Are endophyte-mediated effects on herbivores conditional on soil nutrients?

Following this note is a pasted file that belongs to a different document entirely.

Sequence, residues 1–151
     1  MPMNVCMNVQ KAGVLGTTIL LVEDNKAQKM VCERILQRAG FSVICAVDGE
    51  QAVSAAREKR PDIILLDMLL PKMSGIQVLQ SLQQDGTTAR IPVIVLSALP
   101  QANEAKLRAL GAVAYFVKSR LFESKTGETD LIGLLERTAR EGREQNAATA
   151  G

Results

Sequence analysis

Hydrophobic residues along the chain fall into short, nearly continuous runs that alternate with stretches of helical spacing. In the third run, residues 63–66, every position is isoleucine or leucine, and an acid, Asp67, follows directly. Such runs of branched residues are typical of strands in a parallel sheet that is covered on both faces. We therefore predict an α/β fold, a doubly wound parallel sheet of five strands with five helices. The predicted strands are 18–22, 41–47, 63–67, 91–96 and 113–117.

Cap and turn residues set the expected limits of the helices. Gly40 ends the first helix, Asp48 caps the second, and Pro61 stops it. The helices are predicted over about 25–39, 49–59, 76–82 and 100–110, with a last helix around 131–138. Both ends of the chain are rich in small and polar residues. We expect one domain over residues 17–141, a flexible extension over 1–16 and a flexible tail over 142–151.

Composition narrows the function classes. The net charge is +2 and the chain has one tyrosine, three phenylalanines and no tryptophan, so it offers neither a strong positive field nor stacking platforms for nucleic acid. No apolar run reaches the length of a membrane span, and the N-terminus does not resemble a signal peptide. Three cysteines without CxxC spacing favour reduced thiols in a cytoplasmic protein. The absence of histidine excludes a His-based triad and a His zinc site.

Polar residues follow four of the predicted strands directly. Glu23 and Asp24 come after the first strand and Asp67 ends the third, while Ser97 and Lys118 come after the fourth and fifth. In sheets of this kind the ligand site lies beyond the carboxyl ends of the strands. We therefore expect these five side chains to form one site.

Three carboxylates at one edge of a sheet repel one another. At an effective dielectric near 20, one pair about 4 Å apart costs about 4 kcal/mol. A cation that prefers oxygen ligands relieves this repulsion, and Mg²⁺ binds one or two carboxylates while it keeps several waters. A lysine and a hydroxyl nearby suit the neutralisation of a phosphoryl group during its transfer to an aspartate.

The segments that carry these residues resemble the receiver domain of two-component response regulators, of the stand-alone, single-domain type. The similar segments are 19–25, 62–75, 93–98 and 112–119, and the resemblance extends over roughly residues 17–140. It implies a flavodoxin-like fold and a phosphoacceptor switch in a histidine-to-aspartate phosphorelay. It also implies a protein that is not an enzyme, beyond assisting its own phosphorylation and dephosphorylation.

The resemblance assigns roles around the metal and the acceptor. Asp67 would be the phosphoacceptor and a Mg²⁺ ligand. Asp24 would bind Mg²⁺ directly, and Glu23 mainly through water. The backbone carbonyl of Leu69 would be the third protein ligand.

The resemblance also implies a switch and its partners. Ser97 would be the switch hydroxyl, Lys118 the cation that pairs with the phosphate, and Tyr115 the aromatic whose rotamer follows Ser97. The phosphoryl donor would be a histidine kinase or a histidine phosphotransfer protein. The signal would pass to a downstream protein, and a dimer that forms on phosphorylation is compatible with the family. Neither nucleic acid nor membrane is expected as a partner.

Neotyphodium endophytes are assumed to have mutualistic relationship with their grass hosts, mainly resulting from mycotoxin production increasing plant resistance to herbivores by the fungus that subsists on the plant. To study importance of often ignored environmental effects on these associations, we performed a greenhouse experiment to examine the significance of endophyte infection and nutrient availability for bird-cherry aphid (Rhopalosiphum padi) performance on meadow fescue (Lolium pratense). Naturally endophyte-infected (E+), uninfected (E–), or manipulatively endophyte-free (ME–) half-sib families of meadow fescue were grown on two soil nutrient levels. Endophyte infection reduced aphid performance in general. However, to our knowledge, this is the first study to demonstrate experimentally that herbivore performance decreases on E+ host plants with increasing availability of nutrients in soils. Potential improvement in herbivore performance in high nutrient soils and decreased plant performance in low nutrient soils in ME– plants, compared to E– and E+ plants, suggests that loss of endophyte infection after long coevolutionary relationship may be critical to plant fitness.